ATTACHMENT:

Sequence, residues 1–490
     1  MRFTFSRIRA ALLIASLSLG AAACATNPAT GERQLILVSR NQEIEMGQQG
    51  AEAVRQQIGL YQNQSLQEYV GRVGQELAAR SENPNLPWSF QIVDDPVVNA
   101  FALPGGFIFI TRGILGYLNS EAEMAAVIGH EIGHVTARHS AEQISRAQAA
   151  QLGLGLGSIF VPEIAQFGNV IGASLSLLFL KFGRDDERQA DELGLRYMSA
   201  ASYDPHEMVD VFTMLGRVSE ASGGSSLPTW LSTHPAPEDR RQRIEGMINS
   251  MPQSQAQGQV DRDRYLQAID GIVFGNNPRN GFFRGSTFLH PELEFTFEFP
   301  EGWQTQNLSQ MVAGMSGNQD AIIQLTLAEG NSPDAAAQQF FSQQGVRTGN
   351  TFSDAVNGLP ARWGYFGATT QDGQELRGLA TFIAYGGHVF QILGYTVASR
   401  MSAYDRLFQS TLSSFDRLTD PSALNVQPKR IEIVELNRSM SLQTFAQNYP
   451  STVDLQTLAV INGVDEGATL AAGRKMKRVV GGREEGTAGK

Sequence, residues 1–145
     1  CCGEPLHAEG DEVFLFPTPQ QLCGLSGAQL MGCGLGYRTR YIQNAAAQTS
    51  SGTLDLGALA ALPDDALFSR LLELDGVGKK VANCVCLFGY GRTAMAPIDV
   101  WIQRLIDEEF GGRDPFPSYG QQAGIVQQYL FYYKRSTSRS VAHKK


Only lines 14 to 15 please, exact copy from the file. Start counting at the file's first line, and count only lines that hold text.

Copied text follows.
    51  SGTLDLGALA ALPDDALFSR LLELDGVGKK VANCVCLFGY GRTAMAPIDV
   101  WIQRLIDEEF GGRDPFPSYG QQAGIVQQYL FYYKRSTSRS VAHKK